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Saturday, March 24, 2018

Akata Warrior: A Predictable Fantasy Plot With Some Fascinating Glimpses

I have to issue a disclaimer.  I didn't read the book that preceded this one, Akata Witch.  I read some reviews that said that it was like Harry Potter.  Since I couldn't get past the first page of the first Harry Potter novel, this wasn't an inducement to read it. I've been reading fantasy since the 1960's.  I'm a very jaded reader who is always looking for the unusual.   It seems to me that the premise of the Harry Potter series is formulaic, and I really can't abide formula.   I nevertheless made an attempt to read Akata Witch because I have loved several of Nnedi Okorafor's books for adults.  Let's just say, I didn't get very far.

So why did I decide to read the sequel?  It sounded like it had possibilities, that it might be more complex than Akata Witch.

                   


Since I have always believed that books should stand on their own, I was pleased that there was background to bring me up to speed on what I'd missed by not reading Akata Witch.  I was introduced to Sunny, an American born girl of Nigerian descent whose family returned to Nigeria.

 Sunny is also an albino.  I researched the persecution of albinos in Africa, and was horrified by what I discovered.  See a newspaper article about the situation for albinos in Malawi in 2016. I also found a recent post on the Albino Foundation blog dealing with discrimination against albinos in Nigeria here.   Akata Warrior caused me to become more aware of this issue.

My favorite scene in this novel involved a cowrie shell divination that blew my socks off.   I would love to read more about Bola, the diviner.  She was totally awesome.   At that point in my reading of Akata Warrior, I posted on a Goodreads group that I thought it was the best book I'd read by Nnedi Okorafor.

 Unfortunately, after the divination, the narrative became predictable.   I am so bored by formula fantasy villains with no motivation except being evil.  I've been bored by them for decades. That's why I tend to avoid any book that has even a whiff of standardized fantasy about it.   So I was disappointed by Akata Warrior, but I don't regret reading it.  I loved the glimpses of Nigerian culture that Okorafor provided, and I'm very much looking forward to  Binti: The Night Masquerade.

                             
 
                             

Thursday, March 15, 2018

Full Circle: Topical Novel About An Iraqi Woman Refugee

The central character of Full Circle by Regina Timothy escaped an honor killing by her family in Iraq and managed to flee to the U.S.   I've read a really extraordinary book about an honor killing in the Druze community of Israel called The Seven Perfumes of Sacrifice 
which I reviewed here.  In that review I discuss honor killing as a world wide trans-cultural phenomenon.  I didn't choose to read Full Circle because it was about an honor killing.  Its themes are broader. It deals with a number of issues that have been at the center of discussion in the U.S. That's why I requested it for from the author in return for this honest review.

                     
 

 In addition to honor killings, Timothy's characters grapple with immigration, terrorism, Islamophobia, the impact of the Iraq War on both Iraqis and Americans, income disparity, bullying and the often related issue of school shootings.   So Full Circle is very topical.  I appreciated seeing how the author made connections between all these issues through the events of her plot.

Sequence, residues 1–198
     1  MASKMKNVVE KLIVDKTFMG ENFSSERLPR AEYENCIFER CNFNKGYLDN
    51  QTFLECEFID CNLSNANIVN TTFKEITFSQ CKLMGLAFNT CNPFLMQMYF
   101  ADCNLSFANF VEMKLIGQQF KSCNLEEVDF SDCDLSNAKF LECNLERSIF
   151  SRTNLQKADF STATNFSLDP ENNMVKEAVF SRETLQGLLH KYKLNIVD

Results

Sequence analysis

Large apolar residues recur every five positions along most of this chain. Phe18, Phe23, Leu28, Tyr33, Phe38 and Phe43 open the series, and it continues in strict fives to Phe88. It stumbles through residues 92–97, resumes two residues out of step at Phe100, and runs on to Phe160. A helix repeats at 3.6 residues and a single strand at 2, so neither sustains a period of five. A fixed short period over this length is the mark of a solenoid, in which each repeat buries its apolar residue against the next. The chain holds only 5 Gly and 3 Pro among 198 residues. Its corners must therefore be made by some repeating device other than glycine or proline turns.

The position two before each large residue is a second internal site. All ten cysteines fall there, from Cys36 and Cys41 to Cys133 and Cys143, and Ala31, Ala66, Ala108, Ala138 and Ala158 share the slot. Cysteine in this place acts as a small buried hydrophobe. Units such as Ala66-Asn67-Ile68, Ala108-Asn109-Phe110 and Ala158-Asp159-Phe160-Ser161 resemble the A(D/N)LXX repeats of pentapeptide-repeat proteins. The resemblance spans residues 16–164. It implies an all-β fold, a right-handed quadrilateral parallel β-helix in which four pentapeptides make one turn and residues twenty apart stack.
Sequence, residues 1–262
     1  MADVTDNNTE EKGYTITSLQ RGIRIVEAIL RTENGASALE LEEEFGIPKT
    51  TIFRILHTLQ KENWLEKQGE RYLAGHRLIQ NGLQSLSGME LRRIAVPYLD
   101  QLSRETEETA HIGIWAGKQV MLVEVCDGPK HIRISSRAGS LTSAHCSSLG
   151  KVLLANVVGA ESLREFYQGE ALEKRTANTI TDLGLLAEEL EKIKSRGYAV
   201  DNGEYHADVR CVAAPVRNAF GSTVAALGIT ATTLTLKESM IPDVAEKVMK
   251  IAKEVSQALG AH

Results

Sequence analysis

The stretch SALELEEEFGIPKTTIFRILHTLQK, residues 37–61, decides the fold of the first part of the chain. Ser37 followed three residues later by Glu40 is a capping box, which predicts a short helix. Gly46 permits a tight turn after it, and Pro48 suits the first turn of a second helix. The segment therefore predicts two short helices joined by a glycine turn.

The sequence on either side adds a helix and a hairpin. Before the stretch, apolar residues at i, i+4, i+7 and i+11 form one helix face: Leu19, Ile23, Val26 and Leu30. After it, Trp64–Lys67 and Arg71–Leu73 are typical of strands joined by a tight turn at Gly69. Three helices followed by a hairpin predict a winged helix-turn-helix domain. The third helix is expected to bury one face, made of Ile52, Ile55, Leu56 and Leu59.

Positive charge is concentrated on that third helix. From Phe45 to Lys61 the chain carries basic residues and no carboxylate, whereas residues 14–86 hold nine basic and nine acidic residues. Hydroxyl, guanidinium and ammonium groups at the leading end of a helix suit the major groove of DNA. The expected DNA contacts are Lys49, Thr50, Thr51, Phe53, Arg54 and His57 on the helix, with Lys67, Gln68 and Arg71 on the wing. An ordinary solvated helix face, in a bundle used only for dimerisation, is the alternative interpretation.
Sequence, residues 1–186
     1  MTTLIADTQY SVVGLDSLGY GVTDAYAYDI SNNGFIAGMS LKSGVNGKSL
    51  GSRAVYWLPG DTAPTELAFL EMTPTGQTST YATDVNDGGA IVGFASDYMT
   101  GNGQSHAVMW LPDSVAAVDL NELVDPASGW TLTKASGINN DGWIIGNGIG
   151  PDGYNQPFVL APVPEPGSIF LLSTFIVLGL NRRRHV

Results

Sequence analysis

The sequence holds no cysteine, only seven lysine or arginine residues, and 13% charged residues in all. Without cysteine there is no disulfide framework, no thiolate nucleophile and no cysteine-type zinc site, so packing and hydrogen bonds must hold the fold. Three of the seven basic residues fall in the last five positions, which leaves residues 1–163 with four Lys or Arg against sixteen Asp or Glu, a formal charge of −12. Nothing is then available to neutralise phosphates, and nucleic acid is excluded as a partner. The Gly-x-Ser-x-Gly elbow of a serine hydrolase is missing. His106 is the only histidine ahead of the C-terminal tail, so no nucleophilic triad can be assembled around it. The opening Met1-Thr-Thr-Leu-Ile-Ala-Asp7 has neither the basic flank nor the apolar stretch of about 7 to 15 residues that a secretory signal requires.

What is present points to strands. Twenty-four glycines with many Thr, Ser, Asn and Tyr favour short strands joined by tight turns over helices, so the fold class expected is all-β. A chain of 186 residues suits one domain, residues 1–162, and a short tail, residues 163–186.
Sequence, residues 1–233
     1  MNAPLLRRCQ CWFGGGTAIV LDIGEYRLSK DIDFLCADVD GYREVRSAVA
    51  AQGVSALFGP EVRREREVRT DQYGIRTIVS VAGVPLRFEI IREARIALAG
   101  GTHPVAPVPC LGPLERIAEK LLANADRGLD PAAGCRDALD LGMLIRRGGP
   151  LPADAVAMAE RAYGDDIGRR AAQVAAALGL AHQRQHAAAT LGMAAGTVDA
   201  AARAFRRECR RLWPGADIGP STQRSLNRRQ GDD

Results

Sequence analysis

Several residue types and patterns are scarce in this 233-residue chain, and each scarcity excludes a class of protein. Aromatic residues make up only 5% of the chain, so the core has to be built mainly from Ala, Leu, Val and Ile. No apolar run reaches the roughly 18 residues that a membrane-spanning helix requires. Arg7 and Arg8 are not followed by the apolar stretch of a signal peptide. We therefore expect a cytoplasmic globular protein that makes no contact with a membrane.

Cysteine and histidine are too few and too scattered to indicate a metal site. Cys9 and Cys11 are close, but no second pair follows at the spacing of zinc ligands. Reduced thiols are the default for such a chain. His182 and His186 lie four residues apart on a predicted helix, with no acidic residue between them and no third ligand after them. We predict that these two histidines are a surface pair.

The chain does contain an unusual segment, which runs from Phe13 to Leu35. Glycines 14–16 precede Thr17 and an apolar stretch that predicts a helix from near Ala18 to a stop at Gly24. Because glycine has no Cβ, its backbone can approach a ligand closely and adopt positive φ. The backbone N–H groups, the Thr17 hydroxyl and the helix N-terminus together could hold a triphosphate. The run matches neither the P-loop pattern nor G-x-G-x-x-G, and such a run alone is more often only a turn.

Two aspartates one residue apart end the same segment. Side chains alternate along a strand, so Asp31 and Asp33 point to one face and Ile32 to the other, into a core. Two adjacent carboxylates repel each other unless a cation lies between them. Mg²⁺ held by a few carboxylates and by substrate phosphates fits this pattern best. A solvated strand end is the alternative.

I admired central character Samia Al-Sayid's ability to survive so much adversity.  She isn't a strong woman protagonist on the model of Wonder Woman. Some readers appear to believe that only women who are action heroes can be considered strong, but Samia is internally strong.  That is why she is the one left standing amidst so much tragedy.

 As other reviews have mentioned, the story is often quite moving but since this is a first novel, I was not surprised to find flaws.  There are  moments of overt didacticism in which the author appears to be telling us what to think through the mouth of her protagonist.   I'd prefer not to see that in a novel.  Readers should be considered capable of drawing their own conclusions from events.  Full Circle could also use more thorough proofreading.  There were occasional missing words and words out of order in common phrases or place names. As a New Yorker by birth, I considered  "Central Grand Station" instead of Grand Central Station the most obvious example.  The errors weren't frequent, and I was able to determine what the author intended.   Many readers may not be bothered by mistakes that don't interfere too much with the book's readability.  Yet I feel that authors should take care that published products offered for sale on websites represent their best work.

When I ran a search on Regina Timothy, I expected to find that she is an American or an immigrant to the United States. I was surprised to learn that she is a Kenyan who resides in Kenya.  Full Circle shows so much familiarity with the social reality of  immigrants and minorities in the U.S.  This represents a great measure of success in her first novel.  So I recommend that  Timothy continue to practice her craft.   Her future work can only improve.

                               
 




                           

Saturday, March 10, 2018

Stone Cold Sober--A Pregnant Investigator on the Case

Publicist Wiley Saichek is  actually listed in the acknowledgements of  Stone Cold Sober by Rebecca Marks.  This is the third mystery in the Dana Cohen series.   Dana is a retired NYPD officer in her late forties who nevertheless finds herself in the middle of criminal investigations.   I decided  to try out this series.  Stone Cold Sober looked like the one that I would be most likely to enjoy because it involves an amateur theatrical production which reminds me of my own participation in performances of plays and  dramatic readings on an amateur basis.  So I requested it, and was gifted with a copy for review by Wiley Saichek.

                                        

I have to admit that the title didn't particularly appeal to me.  It seemed to imply that there would be a great deal of space devoted to the protagonist's struggle to maintain her sobriety.  I was relieved to discover that this didn't turn out to be the case.   Resisting alcohol seemed to be a relatively minor issue for the pregnant Dana Cohen.